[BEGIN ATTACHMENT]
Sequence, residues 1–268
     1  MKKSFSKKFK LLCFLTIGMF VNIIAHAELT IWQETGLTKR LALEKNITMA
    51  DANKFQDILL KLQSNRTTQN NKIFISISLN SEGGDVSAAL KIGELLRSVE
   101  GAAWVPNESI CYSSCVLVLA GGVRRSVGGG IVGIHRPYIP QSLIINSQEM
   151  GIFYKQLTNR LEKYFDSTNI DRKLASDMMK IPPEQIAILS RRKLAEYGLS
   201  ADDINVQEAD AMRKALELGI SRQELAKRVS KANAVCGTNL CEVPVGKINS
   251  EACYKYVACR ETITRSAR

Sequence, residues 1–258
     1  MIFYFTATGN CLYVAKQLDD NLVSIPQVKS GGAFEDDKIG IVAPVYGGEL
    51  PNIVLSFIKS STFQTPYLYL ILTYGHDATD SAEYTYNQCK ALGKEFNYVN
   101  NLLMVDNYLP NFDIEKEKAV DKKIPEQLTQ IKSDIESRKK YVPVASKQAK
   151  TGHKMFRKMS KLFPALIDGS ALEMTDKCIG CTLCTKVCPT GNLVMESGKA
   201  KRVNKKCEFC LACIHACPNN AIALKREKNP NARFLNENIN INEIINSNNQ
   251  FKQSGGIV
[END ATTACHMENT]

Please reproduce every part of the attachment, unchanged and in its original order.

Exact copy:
Sequence, residues 1–268
     1  MKKSFSKKFK LLCFLTIGMF VNIIAHAELT IWQETGLTKR LALEKNITMA
    51  DANKFQDILL KLQSNRTTQN NKIFISISLN SEGGDVSAAL KIGELLRSVE
   101  GAAWVPNESI CYSSCVLVLA GGVRRSVGGG IVGIHRPYIP QSLIINSQEM
   151  GIFYKQLTNR LEKYFDSTNI DRKLASDMMK IPPEQIAILS RRKLAEYGLS
   201  ADDINVQEAD AMRKALELGI SRQELAKRVS KANAVCGTNL CEVPVGKINS
   251  EACYKYVACR ETITRSAR

Sequence, residues 1–258
     1  MIFYFTATGN CLYVAKQLDD NLVSIPQVKS GGAFEDDKIG IVAPVYGGEL
    51  PNIVLSFIKS STFQTPYLYL ILTYGHDATD SAEYTYNQCK ALGKEFNYVN
   101  NLLMVDNYLP NFDIEKEKAV DKKIPEQLTQ IKSDIESRKK YVPVASKQAK
   151  TGHKMFRKMS KLFPALIDGS ALEMTDKCIG CTLCTKVCPT GNLVMESGKA
   201  KRVNKKCEFC LACIHACPNN AIALKREKNP NARFLNENIN INEIINSNNQ
   251  FKQSGGIV